Referring now to FIG. 4, EPR experimental spectra are shown in the graph 60 of spectra for the oxidation reaction of 50 μg/mL of the pharmaceutical drug Ketoconazole in a 0.1 mol·dm−3 sulfuric acid electrolyte solution with different accumulation voltages using a graphite pencil lead as the working electrode. The grade for the graphite pencil lead in this experiment is HB. As shown in FIG. 4, relatively no reaction signal intensity occurred from 0.40V to 0.50V. Starting at a potential of 0.60V, the signal intensity from the Ketoconazole continued to increase up until 0.85V. The signal strength began to decline as the voltage was decreased and the time the potential was shut off (“OFF” in FIG. 4) was increased. FIG. 4 shows that signal intensity is greatest for a FIB graphite pencil lead working electrode when the applied potential is between 0.65V to 0.85V, for example.

Referring to FIG. 5, EPR experimental signal strengths are shown for the oxidation reaction of 50 μg/mL of the pharmaceutical drug Ketoconazole in a 0.1 mol·dm−3 sulfuric acid electrolyte solution, each at a concentration of 1×500 ppm, for example, with different materials composing the working electrode types. The materials used for the working electrode (“WE”) were (a) silver, (b) copper, (c) platinum, (d) 2H graded graphite pencil lead, (e) H graded graphite pencil lead, (f) HB graded graphite pencil lead, and (g) B graded graphite pencil lead. The experimental data of the histogram graph 70 of FIG. 5 shows that not all working electrode types provided equal oxidation reactions. As seen by the graph, copper and silver provide for the relatively weakest signal strength, while the other metals, such as platinum, provided relative minimal signal strength. Further, using graphite pencil lead, working electrode types, 2H grade and H grade provided relatively moderate signal strengths. A B graded graphite pencil lead provided relative increased signal strength over the harder graded counterpart leads. However, as shown in the histogram graph 70, an HB graded graphite pencil lead, which is a mixture of hard and soft leads, provided the greatest relative signal strength intensity.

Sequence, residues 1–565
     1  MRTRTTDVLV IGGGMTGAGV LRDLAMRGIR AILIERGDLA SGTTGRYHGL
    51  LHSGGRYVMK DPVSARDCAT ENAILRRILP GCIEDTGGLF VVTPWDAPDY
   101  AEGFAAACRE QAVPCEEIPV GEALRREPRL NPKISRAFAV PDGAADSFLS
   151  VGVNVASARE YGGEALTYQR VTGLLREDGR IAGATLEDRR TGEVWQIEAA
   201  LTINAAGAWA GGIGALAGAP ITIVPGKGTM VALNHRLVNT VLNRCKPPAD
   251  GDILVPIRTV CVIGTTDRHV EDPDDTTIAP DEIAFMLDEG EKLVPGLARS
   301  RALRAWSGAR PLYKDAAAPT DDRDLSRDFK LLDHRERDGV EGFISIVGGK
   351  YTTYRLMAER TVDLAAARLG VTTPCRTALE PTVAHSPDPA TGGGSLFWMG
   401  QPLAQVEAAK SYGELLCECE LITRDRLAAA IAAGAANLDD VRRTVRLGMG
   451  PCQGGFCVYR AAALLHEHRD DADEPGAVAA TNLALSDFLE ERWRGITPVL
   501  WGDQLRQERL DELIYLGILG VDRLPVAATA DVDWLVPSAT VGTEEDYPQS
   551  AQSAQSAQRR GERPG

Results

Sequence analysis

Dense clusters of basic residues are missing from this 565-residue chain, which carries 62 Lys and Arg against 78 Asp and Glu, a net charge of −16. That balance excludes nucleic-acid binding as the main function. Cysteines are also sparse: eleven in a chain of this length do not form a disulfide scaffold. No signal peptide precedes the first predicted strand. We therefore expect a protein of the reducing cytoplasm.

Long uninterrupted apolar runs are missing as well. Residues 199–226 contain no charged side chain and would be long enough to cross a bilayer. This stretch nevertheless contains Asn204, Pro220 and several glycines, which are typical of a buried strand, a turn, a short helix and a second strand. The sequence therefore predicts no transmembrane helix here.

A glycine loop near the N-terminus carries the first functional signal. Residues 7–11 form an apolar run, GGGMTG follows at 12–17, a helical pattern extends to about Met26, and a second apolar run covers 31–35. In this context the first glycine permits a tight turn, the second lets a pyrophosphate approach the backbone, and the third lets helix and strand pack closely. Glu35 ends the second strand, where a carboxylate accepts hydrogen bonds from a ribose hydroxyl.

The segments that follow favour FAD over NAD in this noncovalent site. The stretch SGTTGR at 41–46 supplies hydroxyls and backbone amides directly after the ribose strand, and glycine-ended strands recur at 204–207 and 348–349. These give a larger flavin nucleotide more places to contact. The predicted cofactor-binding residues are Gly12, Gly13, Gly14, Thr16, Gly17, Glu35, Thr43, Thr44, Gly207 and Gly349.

Referring to FIG. 6, EPR experimental spectra corresponding with the data of the FIG. 5 histogram graph 70 are shown in the graph 80 of spectra for the oxidation reaction of 50 μg/mL of the pharmaceutical drug Ketoconazole in a 0.1 mol·dm−3 sulfuric acid electrolyte solution, each at a concentration of 1×500 ppm, for example, with different materials composing the working electrode types (with satellite peaks of Mn(II) as an external reference material). As shown in the graph 80 of spectra of FIG. 6, similar to the results of histogram graph 70 of FIG. 5, the signal strength generally increases when the working electrode is composed of a graphite pencil lead as opposed to a base metal or a precious metal working electrode. The silver and copper working electrodes again provided for the weakest relative signal strength, while the platinum working electrode provided relative minimal signal strength. The graphite pencil lead working electrodes, on the other hand, provided improved relative signal strength when the applied magnetic field was between 334 milliTeslas (mT) and 336 mT, for example. HB graded graphite pencil lead once again provided for the greatest relative signal strength. Therefore, the experimental results illustrated by the histogram graph 70 of FIG. 5 and the graph 80 of spectra of FIG. 6 show that a graphite pencil lead working electrode, as to working electrode 40, can provide optimal oxidation values for an electrochemical reaction and for EPR spectroscopy. It is to be noted that any of various manufactured graphite pencil leads can be used, such as including those manufactured by Faber-Castell and Pentel Co. Ltd., among others. For the above experiments Faber-Castell (“FC”) graphite pencil leads were used.